United States District Court, D. Alaska
ORDER RE “DEMAND FOR RECUSAL”
L. GLEASON, UNITED STATES DISTRICT JUDGE
the Court at Docket 252 is Mr. Bachmeierâs âDemand for
Recusal.â The Government responded in opposition at Docket
260. Also, at Docket 267, Mr. Bachmeier requested a hearing
on the motion, to which the Government responded in
opposition at Docket 271.
motion, Mr. Bachmeier seeks to recuse the undersigned judge.
The basis for the request appears to be Mr. Bachmeier’s
assertion that he has “lodged [a] criminal
complaint” against this judge and thus she is
“not impartial.” Mr. Bachmeier’s motion
references a letter he indicates that he wrote to the
Department of Justice (“DOJ”) and references the
DOJ’s reply; however, neither letter was attached to
his motion or otherwise received by the Court. In his motion
for a hearing on recusal, Mr. Bachmeier acknowledges that the
copy of his motion that was sent to him by the Clerk of Court
did not include the letters; he indicates contends
“maybe those 8 pages did not get
filed.” In opposition to Mr. Bachmeier’s
motion for a hearing, counsel for the United States indicates
that she is “not aware of any communications between
the defendant and the Department of Justice regarding a
is required to recuse herself under 28 U.S.C. §§
144, 455 if an objectively reasonable person with knowledge
of all the facts would conclude that the judge’s
impartiality might reasonably be questioned were the judge to
continue to hear the case. Actual bias is not required; “the
appearance of impropriety can be a sufficient basis for
judicial recusal.” And yet a judge “must not simply
recuse out of an abundance of caution when the facts do not
warrant recusal. Rather, there is an equally compelling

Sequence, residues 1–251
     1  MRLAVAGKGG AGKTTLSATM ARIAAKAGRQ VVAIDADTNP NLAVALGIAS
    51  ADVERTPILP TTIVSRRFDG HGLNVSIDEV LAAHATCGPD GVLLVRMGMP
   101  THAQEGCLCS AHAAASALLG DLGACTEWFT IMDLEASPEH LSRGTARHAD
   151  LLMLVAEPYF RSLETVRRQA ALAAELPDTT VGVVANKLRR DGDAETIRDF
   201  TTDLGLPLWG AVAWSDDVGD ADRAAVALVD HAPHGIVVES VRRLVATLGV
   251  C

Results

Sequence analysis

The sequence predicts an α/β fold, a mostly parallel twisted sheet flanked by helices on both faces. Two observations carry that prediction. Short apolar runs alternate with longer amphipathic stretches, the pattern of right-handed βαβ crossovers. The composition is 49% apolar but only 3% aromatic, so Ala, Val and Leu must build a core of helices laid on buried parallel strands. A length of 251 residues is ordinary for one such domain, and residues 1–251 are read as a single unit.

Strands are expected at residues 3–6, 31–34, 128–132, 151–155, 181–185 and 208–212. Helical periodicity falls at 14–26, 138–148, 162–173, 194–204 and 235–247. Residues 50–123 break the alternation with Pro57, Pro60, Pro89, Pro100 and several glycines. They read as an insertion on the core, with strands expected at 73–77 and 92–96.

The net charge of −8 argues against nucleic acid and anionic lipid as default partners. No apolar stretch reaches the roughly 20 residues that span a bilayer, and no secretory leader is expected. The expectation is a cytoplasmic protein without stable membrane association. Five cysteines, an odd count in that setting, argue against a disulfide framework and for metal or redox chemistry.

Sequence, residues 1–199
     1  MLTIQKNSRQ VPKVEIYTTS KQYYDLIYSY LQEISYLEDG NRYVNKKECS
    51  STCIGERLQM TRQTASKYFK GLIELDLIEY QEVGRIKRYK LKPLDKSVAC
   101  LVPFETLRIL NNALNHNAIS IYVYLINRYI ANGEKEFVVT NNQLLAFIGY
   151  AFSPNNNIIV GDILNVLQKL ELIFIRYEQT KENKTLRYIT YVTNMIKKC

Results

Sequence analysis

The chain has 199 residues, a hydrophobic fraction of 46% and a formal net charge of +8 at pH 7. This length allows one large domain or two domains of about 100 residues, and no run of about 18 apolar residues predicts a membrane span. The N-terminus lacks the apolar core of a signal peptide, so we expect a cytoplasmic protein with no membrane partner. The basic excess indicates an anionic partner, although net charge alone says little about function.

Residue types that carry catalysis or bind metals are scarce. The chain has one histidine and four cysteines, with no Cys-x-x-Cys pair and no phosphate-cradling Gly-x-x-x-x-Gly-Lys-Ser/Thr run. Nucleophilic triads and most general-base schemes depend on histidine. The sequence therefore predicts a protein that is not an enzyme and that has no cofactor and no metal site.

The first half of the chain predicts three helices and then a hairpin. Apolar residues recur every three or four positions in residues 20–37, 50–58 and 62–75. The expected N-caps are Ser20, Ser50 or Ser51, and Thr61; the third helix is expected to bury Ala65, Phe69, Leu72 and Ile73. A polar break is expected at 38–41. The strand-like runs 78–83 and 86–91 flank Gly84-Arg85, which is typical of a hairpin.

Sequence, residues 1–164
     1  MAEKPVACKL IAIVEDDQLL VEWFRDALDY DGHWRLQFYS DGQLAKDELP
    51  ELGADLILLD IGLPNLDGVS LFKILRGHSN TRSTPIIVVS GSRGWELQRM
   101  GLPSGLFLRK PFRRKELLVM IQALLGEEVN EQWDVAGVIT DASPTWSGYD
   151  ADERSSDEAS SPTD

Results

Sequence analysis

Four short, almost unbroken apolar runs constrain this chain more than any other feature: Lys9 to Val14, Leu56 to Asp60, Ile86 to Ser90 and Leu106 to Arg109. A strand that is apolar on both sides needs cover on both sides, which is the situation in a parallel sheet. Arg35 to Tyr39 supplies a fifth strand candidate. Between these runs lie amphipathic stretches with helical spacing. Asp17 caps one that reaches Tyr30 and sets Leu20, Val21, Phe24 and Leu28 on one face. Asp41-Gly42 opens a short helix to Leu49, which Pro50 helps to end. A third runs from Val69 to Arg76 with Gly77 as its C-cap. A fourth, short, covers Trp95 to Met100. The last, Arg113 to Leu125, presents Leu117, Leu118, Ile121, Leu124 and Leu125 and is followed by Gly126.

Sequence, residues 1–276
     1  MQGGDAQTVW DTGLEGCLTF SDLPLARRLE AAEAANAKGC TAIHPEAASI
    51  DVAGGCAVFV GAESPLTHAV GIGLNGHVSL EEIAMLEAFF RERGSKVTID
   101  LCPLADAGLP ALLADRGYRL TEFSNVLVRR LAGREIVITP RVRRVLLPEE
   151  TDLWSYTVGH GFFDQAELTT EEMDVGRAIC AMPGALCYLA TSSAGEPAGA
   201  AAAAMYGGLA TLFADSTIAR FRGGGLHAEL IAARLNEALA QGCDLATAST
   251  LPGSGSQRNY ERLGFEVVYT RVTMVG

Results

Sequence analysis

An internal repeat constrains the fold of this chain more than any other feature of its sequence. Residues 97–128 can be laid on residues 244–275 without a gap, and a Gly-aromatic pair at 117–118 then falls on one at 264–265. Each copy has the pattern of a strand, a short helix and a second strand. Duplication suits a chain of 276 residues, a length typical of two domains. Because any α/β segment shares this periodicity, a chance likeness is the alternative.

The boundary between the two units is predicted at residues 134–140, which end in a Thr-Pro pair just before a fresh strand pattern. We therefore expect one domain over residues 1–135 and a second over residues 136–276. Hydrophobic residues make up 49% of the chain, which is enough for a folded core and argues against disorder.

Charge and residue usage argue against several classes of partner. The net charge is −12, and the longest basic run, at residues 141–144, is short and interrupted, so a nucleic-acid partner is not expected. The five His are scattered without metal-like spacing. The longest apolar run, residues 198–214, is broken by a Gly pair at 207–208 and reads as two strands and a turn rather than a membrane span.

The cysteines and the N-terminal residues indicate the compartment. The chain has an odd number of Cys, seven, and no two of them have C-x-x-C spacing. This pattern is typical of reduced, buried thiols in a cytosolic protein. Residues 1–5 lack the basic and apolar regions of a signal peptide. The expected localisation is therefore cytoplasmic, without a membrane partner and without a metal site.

obligation not to recuse where recusal [is] not
appropriate.” Section 455 is limited by the
“extrajudicial source” factor which generally
requires as the basis for recusal something other than
rulings, opinions formed or statements made by the judge
during the course of trial. Where the source of alleged bias
or prejudice is a judicial proceeding, a party must show a
disposition on the part of the judge that is “so
extreme as to display clear inability to render fair
Bachmeier bears the burden of proving facts that would
justify recusal.Mr. Bachmeier’s motion for recusal
is based on an unsupported allegation that he has complained
to the Department of Justice about the undersigned judge. Mr.
Bachmeier has not explained the basis for the complaint or
provided any evidence of its existence. Accordingly, there
are “no facts presented which [give] rise to an
appearance of bias.” Moreover, a private citiczen
cannot bring a criminal action against another person nor can
they petition the federal courts to compel the criminal
prosecution of another person.
light of the foregoing, Defendant’s Demand for Recusal
at Docket 252 is DENIED. A hearing on the motion was not
necessary to the Court’s determination; therefore,
Defendant’s Motion for Hearing on Recusal at Docket 267
 Docket 252 at 1.
 Docket 252 at 1.
 Docket 267 at 1.
 Docket 271 at 1.
See DeNardo v. Municipality of
Anchorage, 974 F.2d 1200, 1201 (9th Cir. 1992);
United States v. Studley, 783 F.2d 934, 939 (9th
Cir. 1986); Perry v. Schwarzenegger, 630 ...